And since the Samsung Seamless Codec is a Samsung exclusive and not, say, aptX or LDAC, which anyone can license, none of this matters anyway unless you’re using the Buds 2 Pro with a Samsung device and on a supported service, which includes the aforementioned Apple Music and Tide, plus Amazon Music, Quboz in Europe, and Genie Music in Korea. (For Spotify, everything gets upsampled to 24-bit, Samsung says.) So just keep that in mind.
In any event, it’s not magic. It’s math. And I was told there would be no math.
The Galaxy Buds 2 Pro aren’t for audiophiles. They’re not for someone who walks into a store and says, “Gimme the best you got.” That’s not to say they’re bad — they’re not. They feel great. They look great. But at the opening retail price of $230, you deserve better audio, particularly when you get to the edge cases like 360 Audio.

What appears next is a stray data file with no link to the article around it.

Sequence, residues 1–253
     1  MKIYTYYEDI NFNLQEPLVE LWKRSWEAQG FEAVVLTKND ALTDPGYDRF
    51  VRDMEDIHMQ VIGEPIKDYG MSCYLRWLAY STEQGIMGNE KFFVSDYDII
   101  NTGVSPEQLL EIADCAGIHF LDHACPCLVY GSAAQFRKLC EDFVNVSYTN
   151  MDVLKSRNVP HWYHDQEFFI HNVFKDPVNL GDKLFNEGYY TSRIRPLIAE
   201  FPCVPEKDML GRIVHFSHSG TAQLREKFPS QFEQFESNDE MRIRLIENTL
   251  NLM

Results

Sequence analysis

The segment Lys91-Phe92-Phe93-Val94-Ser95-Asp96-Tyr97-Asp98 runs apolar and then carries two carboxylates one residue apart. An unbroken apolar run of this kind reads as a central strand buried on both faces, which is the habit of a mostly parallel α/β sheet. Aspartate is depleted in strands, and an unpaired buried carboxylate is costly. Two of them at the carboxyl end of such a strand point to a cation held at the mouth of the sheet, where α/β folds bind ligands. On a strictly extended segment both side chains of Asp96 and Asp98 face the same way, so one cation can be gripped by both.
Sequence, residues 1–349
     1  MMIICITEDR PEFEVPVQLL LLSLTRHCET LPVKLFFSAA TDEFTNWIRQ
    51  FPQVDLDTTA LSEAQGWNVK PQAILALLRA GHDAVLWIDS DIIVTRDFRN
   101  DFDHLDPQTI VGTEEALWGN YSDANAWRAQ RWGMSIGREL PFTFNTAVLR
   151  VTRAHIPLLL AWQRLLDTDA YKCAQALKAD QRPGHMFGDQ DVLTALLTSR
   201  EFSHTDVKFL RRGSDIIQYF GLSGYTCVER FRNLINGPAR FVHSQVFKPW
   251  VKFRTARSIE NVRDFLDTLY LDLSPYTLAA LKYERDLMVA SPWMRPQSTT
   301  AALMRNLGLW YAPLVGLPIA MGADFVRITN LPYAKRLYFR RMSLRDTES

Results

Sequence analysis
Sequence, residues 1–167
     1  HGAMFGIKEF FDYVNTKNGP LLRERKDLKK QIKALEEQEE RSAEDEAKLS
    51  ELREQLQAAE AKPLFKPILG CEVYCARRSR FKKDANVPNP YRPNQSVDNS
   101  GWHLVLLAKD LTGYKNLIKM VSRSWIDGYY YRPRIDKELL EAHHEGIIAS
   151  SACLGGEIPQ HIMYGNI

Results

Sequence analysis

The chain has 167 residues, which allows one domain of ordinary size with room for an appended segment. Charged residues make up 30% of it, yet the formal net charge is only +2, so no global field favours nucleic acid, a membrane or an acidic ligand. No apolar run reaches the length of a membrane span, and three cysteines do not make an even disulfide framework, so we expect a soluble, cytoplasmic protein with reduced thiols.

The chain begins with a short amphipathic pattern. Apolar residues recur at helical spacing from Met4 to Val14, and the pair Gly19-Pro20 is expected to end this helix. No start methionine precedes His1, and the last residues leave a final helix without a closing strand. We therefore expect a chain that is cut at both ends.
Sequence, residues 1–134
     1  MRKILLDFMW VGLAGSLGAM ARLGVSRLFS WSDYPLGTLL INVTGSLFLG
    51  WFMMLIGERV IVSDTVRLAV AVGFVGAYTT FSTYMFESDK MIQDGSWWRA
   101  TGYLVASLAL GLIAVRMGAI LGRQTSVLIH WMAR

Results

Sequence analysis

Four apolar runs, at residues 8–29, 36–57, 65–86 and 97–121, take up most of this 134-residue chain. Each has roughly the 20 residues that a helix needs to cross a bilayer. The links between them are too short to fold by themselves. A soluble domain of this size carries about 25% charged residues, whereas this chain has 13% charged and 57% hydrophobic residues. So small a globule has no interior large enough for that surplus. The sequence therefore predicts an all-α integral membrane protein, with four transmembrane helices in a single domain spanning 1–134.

So who, then, are these for? I can see them as a sweetener for the carrier stores. They’re a way for Samsung and whatever retailer you buy your phones from to notch another sale into their belt. Or to sell an additional protection plan alongside it.
In our review of the previous Galaxy Buds Pro, we said, “There’s nothing ‘Pro’ about them, other than the fact that they’re Samsung’s most expensive earbuds.” That’s harsh. It’s also still a bit true with this new model.
Are there better alternatives?